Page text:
What was helpful to me (and be forewarned, that this is what worked for ME. Other people find completely different things helpful) was to embrace those parts of myself that were causing me all this anxiety and stress. This might sound counterintuitive, but it’s actually a pretty basic tenet of neurodiversity. Neurodiversity is the idea that differences in brains aren’t just a fact, but that those differences are in fact an important part of how the human species thrives. Different brains bring different strengths and weaknesses. So embracing my brain meant recognizing that yes, there are some elements of my brain that are particularly challenging in unique ways, but there are also parts of my brain that (excuse my French) kick ass. What was causing me lots of problems was the fact that society is set up for brains that aren’t like mine. I had to readjust my life to work for MY brain. Some people think that this is sad, or that it means I “can’t” do a lot of things. I don’t see it that way. I prefer to see it as “not doing things that I hate doing.”

 

I don’t see anxiety as limiting me, I see a society that expects me to do things that are anxiety provoking as limiting. I’m really quite happy to socialize with games and in small groups, not go to parties, not go to large and crowded events, not talk to strangers, not talk on the phone. Sometimes I can’t do things that others consider “basic functioning”, like being able to cook and feed myself. That’s ok: I can always ask for help. Recognizing that I need these accommodations is what keeps me from overtaxing my abilities and falling apart.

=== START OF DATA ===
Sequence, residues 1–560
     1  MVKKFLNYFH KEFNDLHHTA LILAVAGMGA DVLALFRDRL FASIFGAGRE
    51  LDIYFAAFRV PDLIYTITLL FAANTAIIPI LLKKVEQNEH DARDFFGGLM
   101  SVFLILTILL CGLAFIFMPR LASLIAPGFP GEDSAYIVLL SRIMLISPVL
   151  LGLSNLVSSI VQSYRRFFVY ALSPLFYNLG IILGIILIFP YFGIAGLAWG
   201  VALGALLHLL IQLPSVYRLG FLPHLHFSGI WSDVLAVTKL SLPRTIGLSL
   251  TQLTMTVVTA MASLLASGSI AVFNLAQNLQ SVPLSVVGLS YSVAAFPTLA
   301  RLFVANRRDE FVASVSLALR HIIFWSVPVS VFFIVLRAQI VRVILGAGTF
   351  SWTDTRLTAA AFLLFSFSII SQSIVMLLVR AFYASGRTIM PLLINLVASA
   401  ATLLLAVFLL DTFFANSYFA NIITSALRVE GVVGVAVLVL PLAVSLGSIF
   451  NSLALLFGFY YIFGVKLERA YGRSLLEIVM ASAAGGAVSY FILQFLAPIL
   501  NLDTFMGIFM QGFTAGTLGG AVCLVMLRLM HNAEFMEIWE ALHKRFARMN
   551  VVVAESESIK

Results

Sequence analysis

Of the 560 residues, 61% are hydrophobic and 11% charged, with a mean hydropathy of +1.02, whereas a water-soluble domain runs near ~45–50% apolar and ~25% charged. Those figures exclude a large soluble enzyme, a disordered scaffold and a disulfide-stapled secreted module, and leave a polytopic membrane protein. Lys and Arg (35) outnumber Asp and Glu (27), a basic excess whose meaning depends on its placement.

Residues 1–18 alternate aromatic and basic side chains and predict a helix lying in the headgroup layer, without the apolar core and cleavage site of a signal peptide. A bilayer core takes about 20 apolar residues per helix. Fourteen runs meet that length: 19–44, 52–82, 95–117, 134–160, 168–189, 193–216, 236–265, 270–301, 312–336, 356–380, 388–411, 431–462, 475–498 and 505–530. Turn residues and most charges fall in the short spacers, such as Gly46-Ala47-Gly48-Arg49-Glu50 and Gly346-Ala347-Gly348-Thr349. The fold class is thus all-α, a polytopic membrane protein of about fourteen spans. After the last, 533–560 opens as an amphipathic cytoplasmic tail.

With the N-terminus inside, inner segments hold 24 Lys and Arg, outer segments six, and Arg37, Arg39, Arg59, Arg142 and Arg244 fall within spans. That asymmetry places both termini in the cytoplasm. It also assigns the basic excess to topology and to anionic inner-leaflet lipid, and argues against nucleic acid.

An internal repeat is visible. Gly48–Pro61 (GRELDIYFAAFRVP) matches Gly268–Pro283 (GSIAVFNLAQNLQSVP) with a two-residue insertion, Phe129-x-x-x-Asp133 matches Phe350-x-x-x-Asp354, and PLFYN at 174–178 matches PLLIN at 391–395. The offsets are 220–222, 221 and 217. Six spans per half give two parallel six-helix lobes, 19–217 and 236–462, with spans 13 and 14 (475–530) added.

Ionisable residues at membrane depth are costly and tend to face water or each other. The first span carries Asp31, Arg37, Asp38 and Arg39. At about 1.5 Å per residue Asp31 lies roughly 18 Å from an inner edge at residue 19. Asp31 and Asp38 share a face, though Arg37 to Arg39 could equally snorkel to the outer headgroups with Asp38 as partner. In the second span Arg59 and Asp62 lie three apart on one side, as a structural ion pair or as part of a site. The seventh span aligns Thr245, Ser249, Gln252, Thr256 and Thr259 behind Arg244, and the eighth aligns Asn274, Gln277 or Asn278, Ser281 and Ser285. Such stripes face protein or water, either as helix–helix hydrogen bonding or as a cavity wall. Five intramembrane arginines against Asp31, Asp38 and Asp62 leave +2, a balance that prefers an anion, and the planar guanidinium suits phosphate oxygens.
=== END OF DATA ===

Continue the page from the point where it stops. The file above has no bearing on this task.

Choosing to do things that work (and not to do things that don’t work for you) for you isn’t sad or wrong. It’s just different, and the realization that I could just stop doing things I hated and start doing things differently was pretty mind blowing to me. It also meant that I could tap into some of my talents: once I wrote a 50,000 word novel in two weeks. My focus is impeccable and my drive is pretty impressive as well. But instead of blowing all that focus getting through a two minute phone call that I hate, now I just text instead. By limiting the things that are uncomfortable and painful to me, I open up so many other possibilities.

 

I know that for many people (particularly artists, writers, and other creative types), talking positively about mental illness is dangerous territory. There’s a history of equating creativity with depression. Neurodiversity does not mean leaving people with mental illnesses to fend for themselves, nor does it mean ignoring the fact that some kinds of brains come with negatives that are serious and dangerous. I embrace my brain, which has depressive and anxious traits. I do not embrace the depression and the anxiety. I do my best to find the underlying traits (perfectionism, conscientiousness, thoughtfulness) that can be brought into balance and made useful. I think there’s a huge difference between saying that art, depth, or thoughtfulness come from mental illness and saying that mental illness is not ALL awful, or that my brain is unique and there are some elements of that uniqueness that I appreciate or that are positive.

 

You don’t have to keep hating yourself. There is nothing WRONG with you. You might have some work to do to understand your own tendencies, needs, and wants, and to create a life that relies on your strengths and compensates for your weaknesses. But it’s possible, and I really cannot articulate the relief that comes with realizing that it doesn’t hurt so much anymore. You have all the pieces to build something glorious. You just have to figure out how they go together.

 

Meet Olivia James

11193332_10152762213502601_1744363452546004244_nOlivia is a marketer by day and a writer by basically every other time. If you met her you’d probably think “well there’s a big ol’ nerd” and you’d be right. You can often find her playing Dungeons and Dragons, cuddling with her cats, or ranting at anyone who will listen about social justice. Olivia has a weird obsession with octopuses and Latin, which is why it’s very important to her that it’s octopodes not octopi. In addition to blogging at “We Got So Far To Go” and doing actual work that she gets paid for, Olivia’s current projects are a young adult sci fi novel and her wedding to the coolest nerd partner anyone could ask for.